l l

a summary of the main findings; an introduction setting out the level

of assessment (see section 3) and its purpose, when it was carried out and by and for whom, the boundaries of the area covered and any other limitations or constraints; an illustrated narrative, divided as appropriate to the area and describing its historical evolution, highlighting evidence for lost and vestigial landscapes and buildings, identifying the principal extant building types and open spaces, their chronology, architectural form and social context, and other elements of the landscape; observations on the present condition and character of the area, the extent to which it retains elements of

l l

demonstrable historical significance or amenity value and an indication of any existing designations; an assessment of the potential for further research; recommendations, if appropriate, for the management of the historic environment or for designations (local lists, statutory lists, scheduling, registering, conservation areas, etc); supporting maps, including, where helpful, purpose-drawn maps charting development or highlighting key elements of the landscape (Fig 13); references for all quoted material; and a list of published and other sources consulted.
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4.6.3 Rapid and Detailed Assessments, as well as providing progressively more detail under the headings listed in 4.6.2, could also include:
l

and a summary account of the historic environment as existing at one or more appropriate epochs.

descriptions of a series of character areas, forming the basis for a finergrained analysis of condition, integrity, significance and vulnerability to change; descriptions or analyses of individual buildings or other features of importance;

4.6.4 The appearance of the resulting document and the extent of any associated archive will vary considerably from one level of assessment to another. For Outline Assessments a simple annotated map and a small selection of photographs may suffice to illustrate the report, whereas a Detailed Assessment

is likely to include a full series of historic maps, historic plans of individual buildings and developments, measured or interpretative drawings of representative or unusual buildings and numerous photographs, both modern and historic.

4.7 Geographical Information Systems (GIS)


4.7.1 In recent years GIS has emerged as a powerful tool for managing the historic environment. Individual site

Case study: Rievaulx, North Yorkshire


Rievaulx, a village in the picturesque valley of Ryedale on the edge of the North York Moors, is famous for its ruined Cistercian abbey, which in the 18th century became the focal point for a notable landscape garden (Rievaulx Terrace) on the estate of a nearby country house, Duncombe Park. It is also well known to industrial archaeologists as the site of an important 16th-century water-powered iron-smelting furnace. Vernacular houses of the 17th and 18th centuries and a medieval church or capella ante portas, restored by Temple Moore in 1906, add further interest to the small settlement. Both the Abbey (English Heritage) and Rievaulx Terrace (National Trust) have long been important visitor attractions, but the wider interest of the landscape, and the important historical

links between its main elements, were not apparent to the casual visitor, who was also obliged to drive along narrow lanes between two adjacent sites for want of other communication. The objective of the study, part of a linked series exploring key elements of the Ryedale landscape as part of the CanDo consortium of English Heritage, the North York Moors National Park and other partners, was to extend understanding of the landscape at large by probing neglected aspects and by focusing particularly on interrelationships between the various elements. Given the complexity of the individual monuments, ranging from much altered 17th-century longhouses to the abbey ruins themselves, the study inevitably relied heavily on a range of earlier work, including researches over many years by Gerry McDonnell, a systematic investigation of the housing by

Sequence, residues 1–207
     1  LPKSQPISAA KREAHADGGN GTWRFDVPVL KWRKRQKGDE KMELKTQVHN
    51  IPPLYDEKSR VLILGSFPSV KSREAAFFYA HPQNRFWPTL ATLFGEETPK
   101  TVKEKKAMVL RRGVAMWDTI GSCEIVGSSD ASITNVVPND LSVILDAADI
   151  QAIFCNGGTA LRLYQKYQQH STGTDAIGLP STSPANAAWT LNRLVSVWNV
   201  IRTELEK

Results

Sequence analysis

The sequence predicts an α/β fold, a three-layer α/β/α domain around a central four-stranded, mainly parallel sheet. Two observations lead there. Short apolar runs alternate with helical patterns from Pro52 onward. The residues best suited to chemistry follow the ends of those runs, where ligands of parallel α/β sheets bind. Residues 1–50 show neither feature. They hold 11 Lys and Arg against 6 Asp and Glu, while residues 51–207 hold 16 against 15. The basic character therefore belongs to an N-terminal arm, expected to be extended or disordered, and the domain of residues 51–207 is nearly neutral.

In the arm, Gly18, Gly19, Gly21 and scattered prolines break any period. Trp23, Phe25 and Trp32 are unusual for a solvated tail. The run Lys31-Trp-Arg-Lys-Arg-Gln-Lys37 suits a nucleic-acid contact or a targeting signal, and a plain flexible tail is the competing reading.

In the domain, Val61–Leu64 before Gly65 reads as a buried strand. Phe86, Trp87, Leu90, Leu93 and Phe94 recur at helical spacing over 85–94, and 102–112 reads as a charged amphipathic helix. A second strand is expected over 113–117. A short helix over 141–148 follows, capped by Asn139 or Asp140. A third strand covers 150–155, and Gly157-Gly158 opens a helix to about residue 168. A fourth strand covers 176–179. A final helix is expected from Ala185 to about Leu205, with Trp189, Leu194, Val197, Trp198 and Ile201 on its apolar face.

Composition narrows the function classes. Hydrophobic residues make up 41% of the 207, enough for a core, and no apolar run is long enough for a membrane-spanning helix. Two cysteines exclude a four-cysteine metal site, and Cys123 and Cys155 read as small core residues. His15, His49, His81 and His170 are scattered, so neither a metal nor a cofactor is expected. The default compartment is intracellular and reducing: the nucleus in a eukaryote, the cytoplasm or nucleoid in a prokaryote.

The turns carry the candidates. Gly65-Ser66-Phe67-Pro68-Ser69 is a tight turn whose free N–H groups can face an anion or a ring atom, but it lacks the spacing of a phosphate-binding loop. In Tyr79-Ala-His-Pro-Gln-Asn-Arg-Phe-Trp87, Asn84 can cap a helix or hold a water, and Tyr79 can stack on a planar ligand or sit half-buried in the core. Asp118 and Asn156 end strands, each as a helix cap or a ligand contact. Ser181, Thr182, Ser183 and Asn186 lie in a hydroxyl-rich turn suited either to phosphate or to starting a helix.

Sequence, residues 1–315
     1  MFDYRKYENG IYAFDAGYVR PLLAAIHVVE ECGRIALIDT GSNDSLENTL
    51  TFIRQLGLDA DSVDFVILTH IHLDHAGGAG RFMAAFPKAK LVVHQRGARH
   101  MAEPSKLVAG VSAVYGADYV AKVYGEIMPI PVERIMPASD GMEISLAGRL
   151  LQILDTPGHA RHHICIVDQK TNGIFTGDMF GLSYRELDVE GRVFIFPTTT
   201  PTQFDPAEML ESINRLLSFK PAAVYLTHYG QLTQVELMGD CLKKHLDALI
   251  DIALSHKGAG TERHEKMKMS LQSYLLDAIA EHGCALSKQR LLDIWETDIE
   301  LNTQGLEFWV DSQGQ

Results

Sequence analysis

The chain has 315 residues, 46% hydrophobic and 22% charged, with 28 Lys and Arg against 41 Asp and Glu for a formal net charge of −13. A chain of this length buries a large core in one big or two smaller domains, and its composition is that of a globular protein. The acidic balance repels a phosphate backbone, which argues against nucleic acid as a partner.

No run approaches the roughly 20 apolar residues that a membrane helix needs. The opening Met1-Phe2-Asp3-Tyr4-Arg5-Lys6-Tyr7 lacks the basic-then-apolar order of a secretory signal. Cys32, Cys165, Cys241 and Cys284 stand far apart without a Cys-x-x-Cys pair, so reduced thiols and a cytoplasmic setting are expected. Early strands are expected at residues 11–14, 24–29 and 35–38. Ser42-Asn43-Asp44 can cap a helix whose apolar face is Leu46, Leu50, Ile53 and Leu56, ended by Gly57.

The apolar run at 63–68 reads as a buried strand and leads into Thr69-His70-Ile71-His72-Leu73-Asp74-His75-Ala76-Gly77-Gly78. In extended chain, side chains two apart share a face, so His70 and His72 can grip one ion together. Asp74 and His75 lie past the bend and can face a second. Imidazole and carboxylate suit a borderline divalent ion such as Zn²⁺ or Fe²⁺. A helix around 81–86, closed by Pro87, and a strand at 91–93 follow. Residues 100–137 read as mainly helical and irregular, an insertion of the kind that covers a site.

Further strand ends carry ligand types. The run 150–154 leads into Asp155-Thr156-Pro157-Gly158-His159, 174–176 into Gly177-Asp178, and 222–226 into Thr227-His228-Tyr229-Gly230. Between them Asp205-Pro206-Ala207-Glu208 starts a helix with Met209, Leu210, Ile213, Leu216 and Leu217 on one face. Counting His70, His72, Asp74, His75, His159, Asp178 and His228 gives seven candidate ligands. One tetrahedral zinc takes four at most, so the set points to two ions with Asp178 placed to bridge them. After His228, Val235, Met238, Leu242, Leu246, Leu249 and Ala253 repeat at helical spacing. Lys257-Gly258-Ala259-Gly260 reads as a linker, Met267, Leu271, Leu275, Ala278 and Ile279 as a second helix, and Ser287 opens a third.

the RCHME in the 1980s, and a recently published account of the architectural development of Rievaulx Abbey. Additional architectural and archaeological fieldwork focused on testing and extending existing understanding and did not involve the production of formal records of individual structures and features. The resulting overview of the development of the landscape was synthesised for general consumption in an attractive broadsheet, for distribution at visitor attractions, tourist information centres and other outlets in the locality. Using a mixture of field and documentary evidence this broadsheet explains the various features visible in the landscape, adding interest to a visit and providing reasons to explore local lanes and footpaths more fully, turning the eye away from the monument in isolation and towards its wider context.

(EH/Bob Skingle DP004255)

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co-ordinates (point data), linear features and areas (known as polygons) ranging from a few square metres to many square kilometres, can be input to a GIS system and linked to supporting reference material, which can then be interrogated spatially alongside other data sets. The extent to which Historic Area Assessments are integrated with GIS will depend upon the availability to key stakeholders of the necessary software and upon the level of assessment undertaken. 4.7.2 GIS can facilitate the analysis of data but it is not a medium for presenting the full range of analytical insights. While an HAA may have as one of its objectives the population of a GIS, its full potential will be realised only if raw data are also analysed and worked up in the form of a narrative and discursive written report. The curation of GIS data (as with all digital data) poses particular challenges if long-term survival and accessibility are to be guaranteed.